As to the second, I wrote: “I’m thinking of what Boze wrote about a few weeks ago, and that Dickens hadn’t the faintest idea himself of the direction the story was going in. I wonder if he even knew that ‘Monks’ would come into it, at the beginning…?”
Wrap-Up on Discussion of Fagin and Antisemitism in Oliver Twist
In our first week of Oliver Twist, Boze had written a marvelous essay on “Making Sense of Fagin, Dickens’ Most Troubling Character”, asking us the difficult question: “What’s a Dickens-lover to make of Fagin?”
“Fagin’s uncomplicated portrayal as a wizened, repulsive-looking, smelly old man who hungers for money and snatches innocent Christian children away from their homes traffics in the most durable and disgusting antisemitic stereotypes.”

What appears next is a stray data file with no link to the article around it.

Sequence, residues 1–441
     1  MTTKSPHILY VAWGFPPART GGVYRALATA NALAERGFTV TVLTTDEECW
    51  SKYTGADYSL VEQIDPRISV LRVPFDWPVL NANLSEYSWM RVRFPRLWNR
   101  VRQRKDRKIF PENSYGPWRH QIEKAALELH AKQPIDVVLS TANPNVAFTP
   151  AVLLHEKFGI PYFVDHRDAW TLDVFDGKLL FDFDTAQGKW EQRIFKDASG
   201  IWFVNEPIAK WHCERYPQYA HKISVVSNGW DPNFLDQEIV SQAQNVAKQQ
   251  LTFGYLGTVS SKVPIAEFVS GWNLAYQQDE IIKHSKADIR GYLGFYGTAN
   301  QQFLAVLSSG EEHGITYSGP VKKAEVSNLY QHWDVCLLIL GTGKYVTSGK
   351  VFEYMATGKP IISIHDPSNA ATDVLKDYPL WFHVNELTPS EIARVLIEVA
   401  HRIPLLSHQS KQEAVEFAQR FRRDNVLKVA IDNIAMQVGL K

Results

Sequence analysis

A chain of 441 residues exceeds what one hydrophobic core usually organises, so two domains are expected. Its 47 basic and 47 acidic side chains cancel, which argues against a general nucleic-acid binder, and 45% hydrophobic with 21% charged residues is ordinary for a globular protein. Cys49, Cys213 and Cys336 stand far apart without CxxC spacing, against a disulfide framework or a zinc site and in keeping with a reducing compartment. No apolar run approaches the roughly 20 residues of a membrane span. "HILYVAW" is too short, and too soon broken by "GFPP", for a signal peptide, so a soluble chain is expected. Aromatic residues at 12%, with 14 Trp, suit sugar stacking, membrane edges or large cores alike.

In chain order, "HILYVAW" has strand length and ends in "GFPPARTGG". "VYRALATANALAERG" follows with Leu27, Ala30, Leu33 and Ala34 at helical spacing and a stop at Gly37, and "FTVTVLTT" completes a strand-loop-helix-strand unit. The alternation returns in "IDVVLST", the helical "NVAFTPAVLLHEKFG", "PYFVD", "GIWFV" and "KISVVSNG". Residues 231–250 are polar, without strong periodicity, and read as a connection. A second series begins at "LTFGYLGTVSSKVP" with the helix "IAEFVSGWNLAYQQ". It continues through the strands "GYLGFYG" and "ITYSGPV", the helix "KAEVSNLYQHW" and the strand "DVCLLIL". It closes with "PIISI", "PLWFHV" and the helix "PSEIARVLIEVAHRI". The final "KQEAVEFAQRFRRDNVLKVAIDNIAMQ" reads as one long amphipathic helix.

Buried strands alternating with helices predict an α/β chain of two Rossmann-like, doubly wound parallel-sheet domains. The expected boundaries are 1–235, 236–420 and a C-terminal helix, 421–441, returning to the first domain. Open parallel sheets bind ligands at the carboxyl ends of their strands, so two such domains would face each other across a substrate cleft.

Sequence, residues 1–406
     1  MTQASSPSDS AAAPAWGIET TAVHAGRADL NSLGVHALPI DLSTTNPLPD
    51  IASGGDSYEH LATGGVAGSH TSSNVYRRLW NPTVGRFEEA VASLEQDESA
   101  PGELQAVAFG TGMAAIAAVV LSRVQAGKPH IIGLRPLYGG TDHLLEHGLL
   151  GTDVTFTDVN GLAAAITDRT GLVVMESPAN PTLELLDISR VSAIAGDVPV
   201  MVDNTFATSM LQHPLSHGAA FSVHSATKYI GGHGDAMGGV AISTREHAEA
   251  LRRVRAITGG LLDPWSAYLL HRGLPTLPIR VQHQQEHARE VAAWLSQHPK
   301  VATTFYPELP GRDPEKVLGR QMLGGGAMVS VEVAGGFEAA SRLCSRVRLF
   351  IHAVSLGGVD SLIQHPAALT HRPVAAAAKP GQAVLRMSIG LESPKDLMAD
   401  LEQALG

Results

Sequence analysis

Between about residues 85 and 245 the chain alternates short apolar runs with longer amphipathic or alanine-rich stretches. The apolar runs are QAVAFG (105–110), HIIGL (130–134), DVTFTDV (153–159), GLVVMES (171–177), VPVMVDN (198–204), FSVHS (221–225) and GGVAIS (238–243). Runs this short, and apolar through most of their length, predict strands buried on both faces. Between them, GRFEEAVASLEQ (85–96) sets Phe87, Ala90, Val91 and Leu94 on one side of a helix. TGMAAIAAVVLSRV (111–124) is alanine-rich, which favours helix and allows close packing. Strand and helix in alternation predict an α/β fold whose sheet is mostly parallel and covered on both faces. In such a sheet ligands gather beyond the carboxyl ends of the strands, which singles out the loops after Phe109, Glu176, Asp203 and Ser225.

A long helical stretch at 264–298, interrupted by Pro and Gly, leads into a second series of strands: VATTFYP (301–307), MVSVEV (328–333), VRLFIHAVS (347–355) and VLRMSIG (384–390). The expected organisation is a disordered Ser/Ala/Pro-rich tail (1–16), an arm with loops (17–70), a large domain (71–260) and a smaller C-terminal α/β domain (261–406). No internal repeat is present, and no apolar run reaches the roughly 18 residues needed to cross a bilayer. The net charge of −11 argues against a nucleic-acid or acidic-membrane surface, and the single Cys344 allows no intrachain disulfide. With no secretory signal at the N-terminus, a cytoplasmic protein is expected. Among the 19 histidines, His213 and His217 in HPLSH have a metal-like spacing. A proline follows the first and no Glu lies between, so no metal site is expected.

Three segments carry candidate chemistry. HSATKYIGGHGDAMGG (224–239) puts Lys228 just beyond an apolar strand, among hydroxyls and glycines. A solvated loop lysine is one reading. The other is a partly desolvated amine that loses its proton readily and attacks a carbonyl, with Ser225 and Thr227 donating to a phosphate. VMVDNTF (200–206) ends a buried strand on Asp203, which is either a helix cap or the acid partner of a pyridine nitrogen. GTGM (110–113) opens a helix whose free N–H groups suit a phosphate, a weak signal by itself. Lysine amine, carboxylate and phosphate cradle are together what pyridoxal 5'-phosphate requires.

This spurred some real dialogue; this week, our Stationmaster commented on the distinction between the stereotyping of the culture/race, versus the religion:
“It’s interesting that the only reference to Judaism in the novel I can remember portrays Fagin as rejecting it. (“At one time he raved and blasphemed; and at another howled and tore his hair. Venerable men of his own persuasion had come to pray beside him, but he had driven them away with curses. They renewed their charitable efforts, and he beat them off.”) Because of this I feel like Fagin, for all the antisemitic stereotypes he embodies, isn’t as defined by being Jewish as, say, Shylock is in The Merchant of Venice.
“I don’t want to excuse any racism on the book’s part, but for all the negative stereotyping Dickens did with Fagin, I don’t get the vibe that his motivation in writing Oliver Twist was specifically to make readers hate Jewish people. It was more about making them hate beadles...“
I had written, in response to Boze’s moving essay:
“I really appreciate what you say here, too, about those things which make Dickens such a genius (his sense of the popular mind/imagination), can also be a HUGE blind-spot, as he plays into the old hatreds, stereotypes, and…Humbug.